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Boeing beset by lawsuits in wake of fatal 737 Max crashes

Boeing is facing numerous lawsuits, investigations, and huge losses after two of its 737 Max airplanes crashed within a five-month span. The Federal Aviation Administration (FAA) grounded Boeing 737-8 and 737-9 airplanes immediately following an Ethiopian Airlines crash this past March. Boeing is still investigating and repairing a faulty system deemed responsible. Several airlines have recently announced mass cancellations of Boeing 737 Max flights for upcoming months.

On October 29, 2018, Indonesian Lion Air flight JT610 crashed into the Java Sea 13 minutes after takeoff, killing all 189 passengers and crew on board. Several investigations of the crash ensued; Boeing identified a bug in the aircraft's new "MCAS" system as the culprit, altered it, and issued operating procedures for the pilots. The FAA declared the Boeing 737 Max airworthy again soon afterward.

A few months later, however, the airworthiness of the Boeing 737 Max was flung back into dispute. On March 10, 2019, Ethiopian Airlines flight ET302 crashed six minutes after takeoff, killing all 157 people on board. Authorities, noticing similarities between the two crashes, grounded the planes. The two crashes killed 346 people total. Again, investigators suspected the MCAS feature.

Investigators now blame the rogue safety feature for both crashes. Pilots were unaware that new Boeing 737 Max planes were even equipped with the MCAS system, a flight control function that overrode manual piloting in the cockpit and accelerated both planes into nosedives.

Circulating audio files, released from a Boeing question forum before the fatal Ethiopia crash, have also fueled allegations that Boeing was aware of potential MCAS malfunctions. In a hearing between the time of the Indonesian flight crash and the Ethiopian flight crash, pilots warned Boeing representatives about the dangers of the unpredictable MCAS feature. Several expressed outrage that the operator manual did not even mention the system, let alone its power to override manual piloting.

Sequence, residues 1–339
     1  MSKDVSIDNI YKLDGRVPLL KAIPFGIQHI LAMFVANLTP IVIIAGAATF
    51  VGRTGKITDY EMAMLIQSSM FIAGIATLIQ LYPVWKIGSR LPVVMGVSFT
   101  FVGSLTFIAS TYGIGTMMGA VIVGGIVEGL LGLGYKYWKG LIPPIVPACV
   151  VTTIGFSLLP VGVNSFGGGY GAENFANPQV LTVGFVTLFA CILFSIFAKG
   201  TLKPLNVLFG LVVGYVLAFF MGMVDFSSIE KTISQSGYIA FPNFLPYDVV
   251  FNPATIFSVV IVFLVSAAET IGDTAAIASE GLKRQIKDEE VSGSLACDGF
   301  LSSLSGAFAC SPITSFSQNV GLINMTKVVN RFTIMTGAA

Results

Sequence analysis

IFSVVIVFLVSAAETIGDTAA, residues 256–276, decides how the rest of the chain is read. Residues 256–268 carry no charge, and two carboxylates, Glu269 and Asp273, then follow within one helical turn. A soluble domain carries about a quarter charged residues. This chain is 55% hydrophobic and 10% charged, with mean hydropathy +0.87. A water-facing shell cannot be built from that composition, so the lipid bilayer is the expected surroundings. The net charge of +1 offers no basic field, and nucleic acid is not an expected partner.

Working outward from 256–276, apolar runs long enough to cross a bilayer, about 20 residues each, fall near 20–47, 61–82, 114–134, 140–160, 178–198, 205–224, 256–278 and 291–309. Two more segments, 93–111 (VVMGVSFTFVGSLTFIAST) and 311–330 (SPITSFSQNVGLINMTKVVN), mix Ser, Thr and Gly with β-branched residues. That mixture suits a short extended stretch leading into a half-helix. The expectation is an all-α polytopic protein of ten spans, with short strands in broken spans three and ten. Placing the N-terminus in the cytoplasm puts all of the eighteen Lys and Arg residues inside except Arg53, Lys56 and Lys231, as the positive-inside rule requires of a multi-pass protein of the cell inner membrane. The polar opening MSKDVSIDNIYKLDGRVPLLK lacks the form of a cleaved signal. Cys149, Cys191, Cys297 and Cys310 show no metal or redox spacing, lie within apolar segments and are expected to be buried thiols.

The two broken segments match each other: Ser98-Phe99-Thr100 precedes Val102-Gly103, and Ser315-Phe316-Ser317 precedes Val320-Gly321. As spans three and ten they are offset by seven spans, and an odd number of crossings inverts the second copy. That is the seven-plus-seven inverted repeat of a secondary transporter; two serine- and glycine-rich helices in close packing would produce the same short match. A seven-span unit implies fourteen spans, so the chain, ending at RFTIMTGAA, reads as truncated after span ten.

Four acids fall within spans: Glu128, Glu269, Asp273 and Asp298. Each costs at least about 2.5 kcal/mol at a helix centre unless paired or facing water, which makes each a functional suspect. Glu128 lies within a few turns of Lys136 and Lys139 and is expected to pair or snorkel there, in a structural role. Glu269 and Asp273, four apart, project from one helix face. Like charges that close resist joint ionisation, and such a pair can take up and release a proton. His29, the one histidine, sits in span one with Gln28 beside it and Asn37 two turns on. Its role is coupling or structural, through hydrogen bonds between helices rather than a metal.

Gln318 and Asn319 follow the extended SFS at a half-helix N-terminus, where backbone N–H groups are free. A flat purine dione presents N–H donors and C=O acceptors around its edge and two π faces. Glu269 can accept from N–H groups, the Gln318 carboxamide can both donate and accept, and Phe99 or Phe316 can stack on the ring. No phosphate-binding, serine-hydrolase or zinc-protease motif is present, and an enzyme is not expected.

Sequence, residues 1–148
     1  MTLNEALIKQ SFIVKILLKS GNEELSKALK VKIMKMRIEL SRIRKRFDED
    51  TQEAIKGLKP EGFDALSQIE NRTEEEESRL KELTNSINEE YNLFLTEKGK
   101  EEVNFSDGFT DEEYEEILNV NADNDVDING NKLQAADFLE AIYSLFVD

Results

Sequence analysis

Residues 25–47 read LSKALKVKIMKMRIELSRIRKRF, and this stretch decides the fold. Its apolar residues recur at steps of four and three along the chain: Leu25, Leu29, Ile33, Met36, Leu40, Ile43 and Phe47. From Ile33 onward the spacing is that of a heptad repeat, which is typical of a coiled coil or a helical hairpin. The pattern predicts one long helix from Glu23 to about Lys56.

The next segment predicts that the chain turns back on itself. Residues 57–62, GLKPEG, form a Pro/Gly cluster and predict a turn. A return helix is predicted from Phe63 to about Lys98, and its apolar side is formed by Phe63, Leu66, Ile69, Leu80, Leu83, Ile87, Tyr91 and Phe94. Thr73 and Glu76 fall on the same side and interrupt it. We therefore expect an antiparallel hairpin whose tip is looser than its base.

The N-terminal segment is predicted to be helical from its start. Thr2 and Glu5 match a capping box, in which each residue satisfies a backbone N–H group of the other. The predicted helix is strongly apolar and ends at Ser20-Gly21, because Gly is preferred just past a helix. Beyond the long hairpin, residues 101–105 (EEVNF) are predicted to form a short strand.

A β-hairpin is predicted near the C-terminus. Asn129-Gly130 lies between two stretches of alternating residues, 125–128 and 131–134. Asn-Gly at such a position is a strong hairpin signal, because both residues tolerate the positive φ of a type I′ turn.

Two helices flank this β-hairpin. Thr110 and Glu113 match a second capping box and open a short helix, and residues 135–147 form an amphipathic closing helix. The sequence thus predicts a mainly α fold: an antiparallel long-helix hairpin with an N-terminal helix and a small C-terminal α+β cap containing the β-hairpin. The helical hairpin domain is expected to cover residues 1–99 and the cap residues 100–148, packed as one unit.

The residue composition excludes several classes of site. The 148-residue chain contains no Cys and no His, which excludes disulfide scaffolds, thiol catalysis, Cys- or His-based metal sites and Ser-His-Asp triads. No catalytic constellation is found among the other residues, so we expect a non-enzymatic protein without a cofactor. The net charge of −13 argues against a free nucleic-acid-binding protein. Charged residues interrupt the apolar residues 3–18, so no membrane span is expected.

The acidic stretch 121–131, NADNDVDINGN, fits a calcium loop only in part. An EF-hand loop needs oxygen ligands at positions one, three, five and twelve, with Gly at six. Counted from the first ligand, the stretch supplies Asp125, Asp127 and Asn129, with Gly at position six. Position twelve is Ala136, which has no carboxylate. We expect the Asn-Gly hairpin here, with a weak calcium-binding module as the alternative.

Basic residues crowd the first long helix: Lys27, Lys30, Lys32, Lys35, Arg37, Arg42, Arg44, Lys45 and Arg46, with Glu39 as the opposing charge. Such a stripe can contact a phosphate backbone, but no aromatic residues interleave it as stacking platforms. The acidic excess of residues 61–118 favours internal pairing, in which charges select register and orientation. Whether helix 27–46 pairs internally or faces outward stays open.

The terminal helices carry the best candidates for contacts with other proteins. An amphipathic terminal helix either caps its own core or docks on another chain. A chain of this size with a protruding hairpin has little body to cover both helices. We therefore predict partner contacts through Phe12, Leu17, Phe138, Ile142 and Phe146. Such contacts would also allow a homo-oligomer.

With suits already filed by the victims' families, Boeing's shareholders, and several major airlines, Boeing is beset by lawsuits because of the two crashes. Dozens of countries banned the Boeing 737 Max from their airspaces following the two deadly crashes. Boeing shareholders have initiated lawsuits against Boeing, claiming they were defrauded by the manufacturer's known safety deficiencies. Airlines that fly the Boeing 737 Max have grounded the planes and cancelled hundreds of flights, and many are now suing Boeing for damages.

Broken-hearted loved ones and concerned watchdogs across the globe have called out Boeing for unsafe practices. Many accuse Boeing of prioritizing profit over safety. Others also blame the FAA for allowing Boeing to partially certify itself and for deeming the Boeing 737 Max airworthy, even against pilot warnings. While Boeing could pay tremendous damages to victims' families, they have certainly taken incalculable damage to their reputation.

Plane crashes can cause devastating injuries and loss of life. Sadly, many are also preventable. If you have been injured or you have lost a loved one in a plane crash, you should speak to an experienced airplane accident attorney to learn your legal options.

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